Background. To improve the use of research evidence, knowledge translation platforms (KTP) have been set up in several countries around the world. The aim of these KTP is to create an environment that supports both research use in policy making, and the consideration of policy needs in research design. KTPs focus on bringing researchers, policy makers, and other stakeholders together, synthesising knowledge and building networks in knowledge translation. Through KTPs, several activities are initiated, such as priority setting exercises, developing policy briefs, and organising deliberative dialogues. KTPs are often set up by groups of local champions, supported by international organisations and foreign funders. Evaluations of KTPs tend to focus on their separate activities and practices. Little is known about how the functioning of KTPs evolves over time and how KTPs institutionalise. The aim of this study was to develop a participatory tool for mapping the functioning and institutionalisation of KTPs. Such a mapping tool is relevant for all those interested in further developing and sustaining KTPs and improving the use of research in a sustainable way. Methods. We developed the tool by combining insights from science and technology studies with data from observations and semi-structured interviews. The first insights were grounded in an analysis of ad-hoc KTP arrangements in Ghana and Guinea Bissau, which we enriched with data on the development and functioning of KTPs in Nigeria, Cameroon, and Jordan. Results. The mapping tool is designed to analyse the functioning and institutionalization of KTPs at three levels: 1) a sponsorship constellation that mobilises resources for the KTP and legitimises its role in society, 2) a set of institutions, infrastructures, and networks (e.g. researchers, policy makers, health workers, patient councils, universities), and 3) the actual translation practices. Especially the first level of sponsorship constellations appeared to be a crucial factor on which the sustainability of KTPs depends. Such constellations are local constructions that make sure that KTPs can function and last without external funding. The tool focusses on the work that is required to construct such constellations through five mechanisms: problematizing the existing situation, getting people interested in improving research use, enrolling key actors to support the KTP, mobilising the required resources, and entangling the established platform in local context. Discussion and conclusion. Mapping the functioning of a KTP at these three levels, and the mechanisms involved in developing a local sponsorship constellation provides insight into the kind of efforts that may be required to further develop these platforms, improve their functioning and facilitate their institutionalisation.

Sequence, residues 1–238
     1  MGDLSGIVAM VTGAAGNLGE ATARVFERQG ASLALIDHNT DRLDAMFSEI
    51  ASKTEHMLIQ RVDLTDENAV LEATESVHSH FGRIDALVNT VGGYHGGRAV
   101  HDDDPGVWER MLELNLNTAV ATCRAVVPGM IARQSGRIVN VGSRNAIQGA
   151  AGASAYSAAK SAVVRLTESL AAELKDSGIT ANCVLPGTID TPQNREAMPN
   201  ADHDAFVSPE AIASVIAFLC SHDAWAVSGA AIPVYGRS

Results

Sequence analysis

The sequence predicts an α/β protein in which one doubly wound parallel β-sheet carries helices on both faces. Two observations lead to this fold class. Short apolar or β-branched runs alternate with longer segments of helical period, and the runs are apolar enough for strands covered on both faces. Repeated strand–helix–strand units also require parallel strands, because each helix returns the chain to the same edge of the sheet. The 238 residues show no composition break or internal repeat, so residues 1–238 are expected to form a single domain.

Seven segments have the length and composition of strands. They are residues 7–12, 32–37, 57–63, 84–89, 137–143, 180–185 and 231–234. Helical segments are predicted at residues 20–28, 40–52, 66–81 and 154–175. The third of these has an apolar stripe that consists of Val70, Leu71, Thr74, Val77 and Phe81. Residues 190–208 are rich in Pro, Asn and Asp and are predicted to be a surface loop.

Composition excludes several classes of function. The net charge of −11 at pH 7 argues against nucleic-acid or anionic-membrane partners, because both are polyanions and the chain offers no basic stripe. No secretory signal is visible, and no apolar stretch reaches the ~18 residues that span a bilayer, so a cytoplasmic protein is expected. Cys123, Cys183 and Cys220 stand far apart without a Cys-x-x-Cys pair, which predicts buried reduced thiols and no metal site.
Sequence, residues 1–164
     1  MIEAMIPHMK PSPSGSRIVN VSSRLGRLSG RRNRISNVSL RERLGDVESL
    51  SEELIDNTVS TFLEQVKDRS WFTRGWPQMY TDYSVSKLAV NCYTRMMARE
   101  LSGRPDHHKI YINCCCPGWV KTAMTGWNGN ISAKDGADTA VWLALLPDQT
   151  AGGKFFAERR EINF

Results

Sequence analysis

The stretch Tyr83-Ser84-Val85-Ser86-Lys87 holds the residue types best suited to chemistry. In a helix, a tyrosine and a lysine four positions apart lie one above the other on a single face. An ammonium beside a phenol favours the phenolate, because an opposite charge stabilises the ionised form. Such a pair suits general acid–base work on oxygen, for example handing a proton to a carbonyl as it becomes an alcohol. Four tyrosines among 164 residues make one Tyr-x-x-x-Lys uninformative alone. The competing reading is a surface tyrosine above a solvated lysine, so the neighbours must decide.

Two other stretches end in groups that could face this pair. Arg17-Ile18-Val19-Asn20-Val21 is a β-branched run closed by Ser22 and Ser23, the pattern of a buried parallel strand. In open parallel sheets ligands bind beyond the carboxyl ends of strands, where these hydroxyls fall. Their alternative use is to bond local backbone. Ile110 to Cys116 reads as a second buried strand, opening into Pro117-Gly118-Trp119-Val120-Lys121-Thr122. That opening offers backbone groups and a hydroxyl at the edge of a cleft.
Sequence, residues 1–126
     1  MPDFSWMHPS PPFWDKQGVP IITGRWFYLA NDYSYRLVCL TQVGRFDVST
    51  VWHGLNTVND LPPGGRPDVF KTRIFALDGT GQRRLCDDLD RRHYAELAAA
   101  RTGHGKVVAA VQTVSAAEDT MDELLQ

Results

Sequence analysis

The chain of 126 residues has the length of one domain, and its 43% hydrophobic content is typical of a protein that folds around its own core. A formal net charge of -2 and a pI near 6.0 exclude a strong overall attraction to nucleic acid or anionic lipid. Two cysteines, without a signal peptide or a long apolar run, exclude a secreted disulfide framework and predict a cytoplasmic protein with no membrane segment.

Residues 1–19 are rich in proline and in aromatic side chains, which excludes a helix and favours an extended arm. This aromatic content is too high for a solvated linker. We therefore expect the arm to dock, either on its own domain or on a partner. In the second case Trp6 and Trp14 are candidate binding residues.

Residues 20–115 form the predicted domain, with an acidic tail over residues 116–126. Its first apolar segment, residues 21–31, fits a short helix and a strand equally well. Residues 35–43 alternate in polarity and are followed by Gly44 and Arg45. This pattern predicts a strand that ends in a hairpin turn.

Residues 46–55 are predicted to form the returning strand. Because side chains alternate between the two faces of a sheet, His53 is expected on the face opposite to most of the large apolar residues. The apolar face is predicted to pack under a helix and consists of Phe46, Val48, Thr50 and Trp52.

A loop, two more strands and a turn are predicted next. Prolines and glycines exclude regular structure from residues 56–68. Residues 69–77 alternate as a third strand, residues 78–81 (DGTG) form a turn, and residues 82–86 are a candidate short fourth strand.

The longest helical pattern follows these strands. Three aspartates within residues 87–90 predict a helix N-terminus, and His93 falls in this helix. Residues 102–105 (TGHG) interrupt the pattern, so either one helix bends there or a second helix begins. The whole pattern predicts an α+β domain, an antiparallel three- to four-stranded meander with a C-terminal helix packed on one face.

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Borst, R.A.J, Nsangou, M., Esu, E., AL-Metleq, A., Tromp, N., & Kok, M.O. (2018). How to assess the functioning and institutionalisation of Knowledge Translation Platforms? The development of a KT-platform scan.. doi:10.13140/RG.2.2.31008.43520


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